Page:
12/1/14 @ 12:24 PM
Where I hunt in Northern Minnesota, we have to get our portables out of the woods after deer season, a proposition which can be a real pain in the behind. I spent the day after Thanksgiving doing just that. I finds me asking myself why we have to do this. Makes no sense to me whatsoever. I hunt on UPM Blandin forest land, and they have quite a few rules to abide by, no permanent stands, no occupying permanent stands, etc. Anybody else pull theirs?
12/1/14 @ 9:07 PM
12/1/14 @ 7:38 PM
I decided to pop up an extra stand while bow hunting in Hayward in early November. I grabbed one out the storage shed and strapped it to a tree next to the cabin about 2 feet off the ground and stepped on. My two feet hit the ground abruptly, then my ass. The heavy nylon strap which appeared visibly in good shape must have had dry rot and tore in two so quick it was shocking. I shudder to think what would have happened if I had not had the foresight to do a quick test first. I'll never leave a stand out longer than necessary and will never climb in one that I have not personally tested first. I have also incorporated a safety harness and climbing belt into my stand setting and sitting protocol. Like I asked I the 20 year old at camp who didn't have a saftey belt, "how big is the buck worth dying for?"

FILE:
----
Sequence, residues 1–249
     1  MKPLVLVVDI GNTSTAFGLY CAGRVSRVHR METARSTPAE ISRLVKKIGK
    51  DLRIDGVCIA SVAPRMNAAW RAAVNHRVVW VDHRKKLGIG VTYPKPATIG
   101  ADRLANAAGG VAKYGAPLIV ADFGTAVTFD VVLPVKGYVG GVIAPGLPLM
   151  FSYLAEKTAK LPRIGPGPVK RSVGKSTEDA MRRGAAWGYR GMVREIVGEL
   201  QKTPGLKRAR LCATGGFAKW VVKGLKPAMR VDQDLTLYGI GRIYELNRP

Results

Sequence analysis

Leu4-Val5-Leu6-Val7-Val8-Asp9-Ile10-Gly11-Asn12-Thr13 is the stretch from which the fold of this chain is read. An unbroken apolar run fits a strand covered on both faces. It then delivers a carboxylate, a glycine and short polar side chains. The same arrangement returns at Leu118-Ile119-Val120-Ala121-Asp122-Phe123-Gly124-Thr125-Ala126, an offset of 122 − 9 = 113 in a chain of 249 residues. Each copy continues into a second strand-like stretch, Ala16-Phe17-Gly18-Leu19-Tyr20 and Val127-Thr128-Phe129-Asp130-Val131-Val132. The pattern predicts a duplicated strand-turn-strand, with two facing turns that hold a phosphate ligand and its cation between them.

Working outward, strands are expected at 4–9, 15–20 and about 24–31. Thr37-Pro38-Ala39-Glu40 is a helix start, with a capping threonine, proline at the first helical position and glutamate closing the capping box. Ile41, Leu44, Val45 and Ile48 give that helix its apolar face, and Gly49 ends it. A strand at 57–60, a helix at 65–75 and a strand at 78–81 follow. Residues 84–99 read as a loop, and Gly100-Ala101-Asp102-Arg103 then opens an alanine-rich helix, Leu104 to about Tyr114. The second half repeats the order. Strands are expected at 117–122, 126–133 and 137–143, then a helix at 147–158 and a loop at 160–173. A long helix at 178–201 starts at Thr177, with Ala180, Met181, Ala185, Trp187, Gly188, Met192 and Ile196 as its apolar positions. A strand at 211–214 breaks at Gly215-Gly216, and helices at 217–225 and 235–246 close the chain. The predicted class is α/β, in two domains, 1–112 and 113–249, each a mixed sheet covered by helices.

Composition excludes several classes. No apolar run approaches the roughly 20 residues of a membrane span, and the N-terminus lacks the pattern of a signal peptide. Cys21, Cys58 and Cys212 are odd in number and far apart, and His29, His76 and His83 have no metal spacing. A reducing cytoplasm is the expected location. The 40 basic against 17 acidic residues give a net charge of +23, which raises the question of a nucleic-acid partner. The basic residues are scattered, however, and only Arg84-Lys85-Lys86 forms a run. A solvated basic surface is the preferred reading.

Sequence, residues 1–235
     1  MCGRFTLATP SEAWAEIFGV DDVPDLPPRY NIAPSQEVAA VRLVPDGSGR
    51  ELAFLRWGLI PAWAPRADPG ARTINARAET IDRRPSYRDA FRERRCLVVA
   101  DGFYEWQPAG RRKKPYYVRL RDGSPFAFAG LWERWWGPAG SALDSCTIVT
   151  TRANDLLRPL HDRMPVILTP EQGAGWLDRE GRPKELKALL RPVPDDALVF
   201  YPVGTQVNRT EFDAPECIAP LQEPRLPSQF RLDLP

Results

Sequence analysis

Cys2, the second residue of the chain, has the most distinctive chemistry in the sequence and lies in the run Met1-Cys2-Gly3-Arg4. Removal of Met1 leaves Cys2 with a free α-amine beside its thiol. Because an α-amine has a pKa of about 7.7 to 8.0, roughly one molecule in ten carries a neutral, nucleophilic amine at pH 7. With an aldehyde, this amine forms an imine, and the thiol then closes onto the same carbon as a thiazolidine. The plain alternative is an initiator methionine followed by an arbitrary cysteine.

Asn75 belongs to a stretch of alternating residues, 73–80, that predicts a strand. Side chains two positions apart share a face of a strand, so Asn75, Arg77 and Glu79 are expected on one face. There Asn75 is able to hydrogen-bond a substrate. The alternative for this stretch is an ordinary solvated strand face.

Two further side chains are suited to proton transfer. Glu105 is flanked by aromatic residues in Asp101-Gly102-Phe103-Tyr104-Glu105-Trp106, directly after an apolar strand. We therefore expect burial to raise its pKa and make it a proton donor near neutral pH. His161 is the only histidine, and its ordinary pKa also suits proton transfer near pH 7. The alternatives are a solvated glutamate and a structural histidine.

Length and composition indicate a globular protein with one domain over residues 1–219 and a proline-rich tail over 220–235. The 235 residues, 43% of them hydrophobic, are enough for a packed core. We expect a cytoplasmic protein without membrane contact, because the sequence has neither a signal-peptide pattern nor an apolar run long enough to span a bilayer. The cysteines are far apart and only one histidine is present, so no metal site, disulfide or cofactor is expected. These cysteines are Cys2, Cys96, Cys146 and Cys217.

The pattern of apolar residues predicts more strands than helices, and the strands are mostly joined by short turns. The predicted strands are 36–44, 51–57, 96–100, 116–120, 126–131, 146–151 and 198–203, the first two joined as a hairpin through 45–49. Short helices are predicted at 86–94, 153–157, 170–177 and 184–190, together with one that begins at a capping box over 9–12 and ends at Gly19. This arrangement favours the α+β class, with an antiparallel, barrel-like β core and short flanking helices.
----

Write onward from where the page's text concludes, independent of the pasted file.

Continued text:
12/1/14 @ 4:03 PM
I hunt mostly private land and pull all my stands immediately after the season every year, not for any regulatory issue but for safety reasons. When trees expand during the growing season, the expansion puts a huge amount of pressure on straps and Metal parts of the stand, and the exposure to sunlight for long periods of time can create a situation where mechanical failure can be unpredictable. I keep them indoors, dry and out of the sun, and inspect everything when I take it down and again before I put it back up. Also, it seems that some people never return to remove their portables the following season, as evidenced by tree stand remnants, steps, and whole stands left for many years in commonly hunted public areas. This can be fatal to trees and can cause damage to logging equipment. If you don't care enough about the tree to pull your stands, you should at least care enough about your own safety.